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Articles Home » 1984 Articles » Zaragon - 1984 No Return
 
Zaragon - 1984 No Return



ARTIST: Zaragon
ALBUM: No Return
LABEL: PMP Records
SERIAL: 12161
YEAR: 1984
CD REISSUE: 1994, Ad Perpetuam Memoriam, APM-9405

COUNTRY OF ORIGIN:

LINEUP: Martin Nielsen - vocals * Ralph Hoel - keyboards * Finn Jansen - guitars, backing vocals * Jim Andersen - bass * Bjorn Hoel - drums

TRACK LISTING: 01 Stretched Out Hands * 02 Thoughts * 03 Lightrace * 04 No Return * 05 Exit * 06 Fear To Fight (CD bonus)


Background
In an earlier review, Eric pointed out a handful of Danish progressive rock bands, including the band Ache in our 1971 reviews section. A few years down the track, Denmark would unearth another band (among many) that also finds appeal among the melodic rock fraternity as well. The band in question are Zaragon. Formed in 1979 under the temporary handle Thin Ice, the band specialise in a brand of prog that is highly infectious, with traces of Genesis, Yes, Eloy, Camel, and if we delve into the neo-prog scene, we could dish out a name like IQ too. I read somewhere that Zaragon could be described as neo-symphonic, whatever the hell that means. Their one and only album 'No Return' was released in 1984, but didn't really gain any mention until the album was reissued in 1994 by the Ad Perpetuam Memoriam label.


The Songs
As with most prog albums, there is some extended playing time on 'No Return', two tracks clock in over 11 minutes. But it's all interesting stuff, nothing plodding at all, the metronome working hard from start to finish. The man of the moment is undoubtedly keyboardist Ralph Hoel, who holds the fort together with some monstrous ivory chops, a la Wakeman, Banks etc. Guitarist Finn Jansen also chimes in with some solid six string work in the vein of Camel's Andy Latimer. You can hear him stretch out on the fantastic title track, where his solos remind you of David Gilmour's work with Pink Floyd - another good reference point. 'Fear To Fight' is more modern sounding, and so it should be, as it was recorded in 1993, and is the album (CD) bonus track. It races along at a good tick, and the obvious comparisons to neo-prog can be made on this track.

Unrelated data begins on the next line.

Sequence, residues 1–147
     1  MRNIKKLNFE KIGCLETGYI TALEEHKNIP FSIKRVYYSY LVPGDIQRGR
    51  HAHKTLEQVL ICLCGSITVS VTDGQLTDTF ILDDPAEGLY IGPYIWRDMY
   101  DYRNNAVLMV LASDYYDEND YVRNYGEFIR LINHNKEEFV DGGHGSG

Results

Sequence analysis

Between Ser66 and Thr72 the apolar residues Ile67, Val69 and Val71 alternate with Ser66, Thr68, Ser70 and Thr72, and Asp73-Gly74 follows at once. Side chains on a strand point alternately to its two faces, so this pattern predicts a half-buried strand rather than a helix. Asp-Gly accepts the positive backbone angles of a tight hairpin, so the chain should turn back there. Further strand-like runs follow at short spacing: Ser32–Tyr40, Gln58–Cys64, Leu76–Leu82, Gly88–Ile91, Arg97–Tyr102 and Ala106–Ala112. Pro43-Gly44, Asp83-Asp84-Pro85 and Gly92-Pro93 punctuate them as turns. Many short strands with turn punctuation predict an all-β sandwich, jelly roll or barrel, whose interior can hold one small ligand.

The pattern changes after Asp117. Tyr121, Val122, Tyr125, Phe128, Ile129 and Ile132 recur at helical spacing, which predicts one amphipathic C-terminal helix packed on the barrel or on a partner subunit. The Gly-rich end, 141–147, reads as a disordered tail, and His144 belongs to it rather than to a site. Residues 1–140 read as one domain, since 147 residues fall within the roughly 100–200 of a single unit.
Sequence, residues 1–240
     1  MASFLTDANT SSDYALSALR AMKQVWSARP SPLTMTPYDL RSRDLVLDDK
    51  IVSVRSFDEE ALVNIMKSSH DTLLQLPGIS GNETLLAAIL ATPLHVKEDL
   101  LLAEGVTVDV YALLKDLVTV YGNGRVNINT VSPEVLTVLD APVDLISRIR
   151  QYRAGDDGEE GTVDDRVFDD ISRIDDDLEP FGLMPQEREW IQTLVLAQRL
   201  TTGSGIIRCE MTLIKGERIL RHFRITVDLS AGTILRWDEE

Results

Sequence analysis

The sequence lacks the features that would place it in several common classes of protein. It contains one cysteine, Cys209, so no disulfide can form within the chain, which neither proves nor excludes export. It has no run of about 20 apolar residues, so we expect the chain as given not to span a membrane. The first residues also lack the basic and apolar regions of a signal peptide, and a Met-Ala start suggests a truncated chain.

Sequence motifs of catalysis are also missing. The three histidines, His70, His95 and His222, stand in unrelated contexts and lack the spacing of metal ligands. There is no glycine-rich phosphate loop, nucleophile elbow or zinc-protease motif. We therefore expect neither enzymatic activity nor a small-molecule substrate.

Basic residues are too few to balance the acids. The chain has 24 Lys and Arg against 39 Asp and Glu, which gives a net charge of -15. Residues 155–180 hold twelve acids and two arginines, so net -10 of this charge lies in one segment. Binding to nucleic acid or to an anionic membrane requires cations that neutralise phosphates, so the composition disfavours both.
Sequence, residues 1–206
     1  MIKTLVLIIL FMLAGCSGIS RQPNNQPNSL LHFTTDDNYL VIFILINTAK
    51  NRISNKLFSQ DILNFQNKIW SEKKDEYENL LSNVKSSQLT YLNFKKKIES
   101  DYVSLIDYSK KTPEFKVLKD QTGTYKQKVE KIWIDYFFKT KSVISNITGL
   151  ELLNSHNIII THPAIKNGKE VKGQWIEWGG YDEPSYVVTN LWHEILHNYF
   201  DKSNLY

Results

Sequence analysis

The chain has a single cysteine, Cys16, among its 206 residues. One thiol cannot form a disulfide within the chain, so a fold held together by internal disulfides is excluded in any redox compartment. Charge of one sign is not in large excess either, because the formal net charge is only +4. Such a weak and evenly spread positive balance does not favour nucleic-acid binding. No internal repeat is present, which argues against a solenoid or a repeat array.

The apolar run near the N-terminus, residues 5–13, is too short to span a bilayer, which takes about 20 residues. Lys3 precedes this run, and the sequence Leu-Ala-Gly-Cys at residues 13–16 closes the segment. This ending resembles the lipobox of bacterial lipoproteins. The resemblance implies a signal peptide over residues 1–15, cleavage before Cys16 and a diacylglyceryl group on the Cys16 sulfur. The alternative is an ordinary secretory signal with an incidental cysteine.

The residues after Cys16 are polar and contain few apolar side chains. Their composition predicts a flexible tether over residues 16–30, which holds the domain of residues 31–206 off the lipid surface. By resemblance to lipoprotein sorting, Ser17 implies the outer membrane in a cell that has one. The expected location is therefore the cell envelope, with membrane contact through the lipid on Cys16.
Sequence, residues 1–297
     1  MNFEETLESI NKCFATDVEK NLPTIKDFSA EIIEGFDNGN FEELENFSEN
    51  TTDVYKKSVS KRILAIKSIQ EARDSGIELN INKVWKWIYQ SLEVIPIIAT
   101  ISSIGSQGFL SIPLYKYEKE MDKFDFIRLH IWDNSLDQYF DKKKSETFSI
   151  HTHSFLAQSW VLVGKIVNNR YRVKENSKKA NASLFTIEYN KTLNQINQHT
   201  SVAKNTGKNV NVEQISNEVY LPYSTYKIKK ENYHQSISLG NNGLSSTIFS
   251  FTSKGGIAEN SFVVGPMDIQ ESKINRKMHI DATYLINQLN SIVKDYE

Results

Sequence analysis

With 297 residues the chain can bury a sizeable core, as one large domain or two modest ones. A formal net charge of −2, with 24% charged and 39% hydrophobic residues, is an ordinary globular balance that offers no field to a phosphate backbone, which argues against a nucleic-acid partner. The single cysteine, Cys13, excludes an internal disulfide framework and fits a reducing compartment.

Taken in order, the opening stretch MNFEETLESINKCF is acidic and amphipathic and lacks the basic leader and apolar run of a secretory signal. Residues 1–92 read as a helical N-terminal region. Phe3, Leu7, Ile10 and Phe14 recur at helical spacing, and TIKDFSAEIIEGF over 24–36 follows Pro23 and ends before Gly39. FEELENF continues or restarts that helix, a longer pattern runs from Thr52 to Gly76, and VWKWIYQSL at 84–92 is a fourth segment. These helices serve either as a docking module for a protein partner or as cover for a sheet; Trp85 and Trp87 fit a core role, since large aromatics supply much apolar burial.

In Summary
Prog fans should already know about this lot, melodic rockers less so. I did see a small review of this album in Mike Shannon's GC Discs mail-out during 1994, I think the album may have been reviewed by Kelv Hellrazer at the time, who gave it a wholehearted recommendation. The CD is pretty hard to find, but there is a fileshare out there on the Net, so check out Zaragon for yourself. It goes to show if you dig hard enough, there is more to Denmark than Caroline Wozniacki, Prince Fredrik, Princess Mary and King Diamond!


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